8 Best Books Like 13 Reasons Why Update 05/2022

Books Like 13 Reasons Why

In recent years, books like Jay Asher’s 13 Reasons Why, which was adapted into a somewhat controversial Netflix Original television series, have become hot topics, but it was first published as a young adult novel in 2007 as a young adult novel. Clay Jensen, a teenager bereaved over the suicide of his friend Hannah Baker two weeks prior, is the focus of the story.

For a long time, Clay had no idea what prompted Hannah to take her own life, until he received thirteen tapes from her detailing the reasons why. At sixteen, the author depicts the terrifying experience of going to high school and dealing with the pressures of peer pressure and sexual harassment that many teens face today.

In spite of the backlash, I think the novel raises some uncomfortable truths about the stigma surrounding mental health that need to be addressed in light of the series’ popularity. Thirteen Reasons Why is just one of a number of books that deal with similar issues, such as love, grief, sex, and suicide, in the lives of teenagers.

Consider these suggestions if you liked 13 Reasons Why and want to read more of what it’s like.

Books like Thirteen Reasons Why

The Perks of Being a Wallflower, by Stephen Chbosky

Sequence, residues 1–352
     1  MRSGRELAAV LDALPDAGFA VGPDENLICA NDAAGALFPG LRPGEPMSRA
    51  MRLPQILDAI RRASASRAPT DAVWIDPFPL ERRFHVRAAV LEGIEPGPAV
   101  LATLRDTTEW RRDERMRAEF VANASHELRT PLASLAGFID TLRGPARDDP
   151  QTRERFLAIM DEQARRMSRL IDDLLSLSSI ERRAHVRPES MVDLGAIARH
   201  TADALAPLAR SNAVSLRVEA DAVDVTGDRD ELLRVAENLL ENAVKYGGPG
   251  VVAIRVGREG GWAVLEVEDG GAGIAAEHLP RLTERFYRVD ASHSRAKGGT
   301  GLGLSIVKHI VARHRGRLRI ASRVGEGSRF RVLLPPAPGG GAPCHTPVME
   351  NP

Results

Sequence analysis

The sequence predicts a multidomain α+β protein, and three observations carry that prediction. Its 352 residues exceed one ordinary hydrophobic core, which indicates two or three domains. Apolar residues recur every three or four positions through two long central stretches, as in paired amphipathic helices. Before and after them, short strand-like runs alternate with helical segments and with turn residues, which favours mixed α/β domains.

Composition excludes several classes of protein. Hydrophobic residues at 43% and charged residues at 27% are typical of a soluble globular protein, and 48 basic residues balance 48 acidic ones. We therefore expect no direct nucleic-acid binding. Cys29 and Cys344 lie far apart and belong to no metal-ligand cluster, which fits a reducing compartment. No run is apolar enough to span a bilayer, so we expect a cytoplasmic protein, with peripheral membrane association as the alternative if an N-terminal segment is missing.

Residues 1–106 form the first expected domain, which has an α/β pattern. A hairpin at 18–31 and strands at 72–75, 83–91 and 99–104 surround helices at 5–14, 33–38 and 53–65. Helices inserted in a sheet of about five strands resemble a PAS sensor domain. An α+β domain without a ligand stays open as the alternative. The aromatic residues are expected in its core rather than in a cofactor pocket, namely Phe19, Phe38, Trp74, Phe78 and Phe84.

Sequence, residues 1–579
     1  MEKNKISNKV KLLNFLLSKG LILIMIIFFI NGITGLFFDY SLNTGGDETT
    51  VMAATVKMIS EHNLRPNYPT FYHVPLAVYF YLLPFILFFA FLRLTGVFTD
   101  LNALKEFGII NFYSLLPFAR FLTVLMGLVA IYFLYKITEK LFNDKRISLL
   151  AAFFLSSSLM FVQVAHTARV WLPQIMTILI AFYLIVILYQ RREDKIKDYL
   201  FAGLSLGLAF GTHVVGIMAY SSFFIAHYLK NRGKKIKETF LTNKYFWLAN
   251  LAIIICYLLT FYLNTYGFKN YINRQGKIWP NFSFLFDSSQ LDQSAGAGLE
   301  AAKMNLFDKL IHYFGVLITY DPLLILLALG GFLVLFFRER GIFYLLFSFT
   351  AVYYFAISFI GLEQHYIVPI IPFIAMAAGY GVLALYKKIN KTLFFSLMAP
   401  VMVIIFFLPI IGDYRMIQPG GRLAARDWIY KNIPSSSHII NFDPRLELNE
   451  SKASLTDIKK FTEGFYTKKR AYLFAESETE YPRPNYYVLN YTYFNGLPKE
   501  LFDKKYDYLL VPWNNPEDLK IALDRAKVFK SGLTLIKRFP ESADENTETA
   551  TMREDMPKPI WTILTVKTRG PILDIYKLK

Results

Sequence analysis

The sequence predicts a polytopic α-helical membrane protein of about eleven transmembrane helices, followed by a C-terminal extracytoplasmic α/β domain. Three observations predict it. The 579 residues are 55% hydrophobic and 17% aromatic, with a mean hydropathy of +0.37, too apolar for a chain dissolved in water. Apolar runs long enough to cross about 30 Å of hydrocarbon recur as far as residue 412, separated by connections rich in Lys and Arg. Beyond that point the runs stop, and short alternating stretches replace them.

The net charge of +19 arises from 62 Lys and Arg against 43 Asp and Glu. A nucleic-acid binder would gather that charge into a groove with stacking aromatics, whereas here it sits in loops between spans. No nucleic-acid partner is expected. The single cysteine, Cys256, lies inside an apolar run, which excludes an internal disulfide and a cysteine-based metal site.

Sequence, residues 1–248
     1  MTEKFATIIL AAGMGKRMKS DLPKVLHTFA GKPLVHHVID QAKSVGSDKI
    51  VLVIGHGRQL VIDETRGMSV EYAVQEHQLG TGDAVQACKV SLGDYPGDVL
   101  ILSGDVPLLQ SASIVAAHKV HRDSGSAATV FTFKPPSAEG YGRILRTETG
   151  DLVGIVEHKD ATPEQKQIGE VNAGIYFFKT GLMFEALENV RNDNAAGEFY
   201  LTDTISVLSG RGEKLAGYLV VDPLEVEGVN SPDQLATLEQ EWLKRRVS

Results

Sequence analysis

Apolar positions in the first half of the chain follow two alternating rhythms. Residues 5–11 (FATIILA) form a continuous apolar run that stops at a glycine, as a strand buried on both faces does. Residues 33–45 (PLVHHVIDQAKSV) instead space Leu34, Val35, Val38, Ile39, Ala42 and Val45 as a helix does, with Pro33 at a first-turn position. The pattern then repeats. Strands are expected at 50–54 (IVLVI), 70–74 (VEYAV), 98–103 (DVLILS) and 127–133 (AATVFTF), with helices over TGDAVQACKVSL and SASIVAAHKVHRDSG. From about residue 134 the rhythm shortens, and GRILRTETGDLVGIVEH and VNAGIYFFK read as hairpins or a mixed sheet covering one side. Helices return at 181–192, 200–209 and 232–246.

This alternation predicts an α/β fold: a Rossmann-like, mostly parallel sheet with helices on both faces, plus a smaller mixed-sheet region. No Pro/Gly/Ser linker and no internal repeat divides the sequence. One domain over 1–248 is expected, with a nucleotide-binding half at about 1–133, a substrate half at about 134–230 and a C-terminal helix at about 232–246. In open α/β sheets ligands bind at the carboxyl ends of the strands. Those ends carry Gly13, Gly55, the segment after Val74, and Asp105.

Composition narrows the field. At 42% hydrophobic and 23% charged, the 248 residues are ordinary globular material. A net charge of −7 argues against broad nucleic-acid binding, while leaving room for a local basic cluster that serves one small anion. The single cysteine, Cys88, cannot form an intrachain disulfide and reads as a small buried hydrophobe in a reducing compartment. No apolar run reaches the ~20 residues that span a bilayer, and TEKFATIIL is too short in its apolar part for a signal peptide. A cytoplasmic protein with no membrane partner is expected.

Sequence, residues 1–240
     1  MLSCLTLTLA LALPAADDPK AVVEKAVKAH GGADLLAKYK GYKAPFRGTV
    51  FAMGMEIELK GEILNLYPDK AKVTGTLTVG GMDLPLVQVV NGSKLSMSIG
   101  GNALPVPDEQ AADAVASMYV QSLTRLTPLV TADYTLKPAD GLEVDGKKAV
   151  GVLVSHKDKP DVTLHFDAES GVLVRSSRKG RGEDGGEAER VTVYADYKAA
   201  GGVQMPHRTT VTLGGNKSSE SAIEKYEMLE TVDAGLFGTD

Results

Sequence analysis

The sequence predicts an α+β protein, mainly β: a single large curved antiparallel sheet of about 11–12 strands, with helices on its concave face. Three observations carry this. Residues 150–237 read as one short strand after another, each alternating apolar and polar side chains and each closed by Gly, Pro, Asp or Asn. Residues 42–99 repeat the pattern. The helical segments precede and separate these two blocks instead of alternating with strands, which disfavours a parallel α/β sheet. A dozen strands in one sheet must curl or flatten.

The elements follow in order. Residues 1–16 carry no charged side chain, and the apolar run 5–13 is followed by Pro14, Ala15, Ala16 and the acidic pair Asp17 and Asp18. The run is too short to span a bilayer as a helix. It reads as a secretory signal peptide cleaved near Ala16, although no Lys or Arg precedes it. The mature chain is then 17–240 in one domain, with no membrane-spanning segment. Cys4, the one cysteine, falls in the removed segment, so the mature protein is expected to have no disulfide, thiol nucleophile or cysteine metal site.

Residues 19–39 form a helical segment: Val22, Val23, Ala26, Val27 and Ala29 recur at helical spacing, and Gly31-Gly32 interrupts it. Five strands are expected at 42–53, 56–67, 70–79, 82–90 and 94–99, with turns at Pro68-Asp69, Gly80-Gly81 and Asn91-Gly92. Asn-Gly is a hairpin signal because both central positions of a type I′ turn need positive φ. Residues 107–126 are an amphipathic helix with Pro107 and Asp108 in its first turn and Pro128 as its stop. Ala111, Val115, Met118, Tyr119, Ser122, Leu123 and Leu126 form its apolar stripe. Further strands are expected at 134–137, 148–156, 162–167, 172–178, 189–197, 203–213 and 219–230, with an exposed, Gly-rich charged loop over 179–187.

The Perks of Being a Wallflower, by Stephen Chbosky

When it was released in 2012, The Perks of Being a Wallflower quickly became a cult favorite among young people all over the world. Adolescence is examined without restraint in this novel, which has been banned from some school libraries since its release in 1999.

He becomes friends with Patrick and Sam’s younger sister as a freshman in high school. Sam, who he later falls in love with, is one of Patrick’s seniors. The novel’s focus is on relationships, particularly toxic ones, and Charlie suffers from PTSD, even though it isn’t clear why at first.

There are a number of issues that are brought up in the book, revealing the dark and lonely aspects of being a teenager and how these difficulties can have disastrous consequences if they aren’t discovered. Charlie’s story, like those of Patrick and Sam, has moments that any reader can identify with, and this book contains many of those moments for readers everywhere.

Every Day, by David Levithan

Every Day takes a different approach, but it still examines the intimacy between young people in the modern world.. A is a kind of spirit; it doesn’t have a physical body; instead, A wakes up every morning inside a different human being and lives their life as that person. A is accustomed to such a life and has no desire to stay inside one person for more than one day – until he meets Rhiannon.

As soon as A wakes up in Justin’s body, he feels an immediate connection to Rhiannon’s boyfriend and wants to stay there to be close to her. A must, however, find a way to be with Rhiannon and convince her to accept and love him regardless of the body he is in.

To a large extent, this book deals with the existential crisis that many young people face today, and it is exemplified in the storyline of A, who is forced to switch bodies and thus is unable to be himself and express his own innermost thoughts and feelings.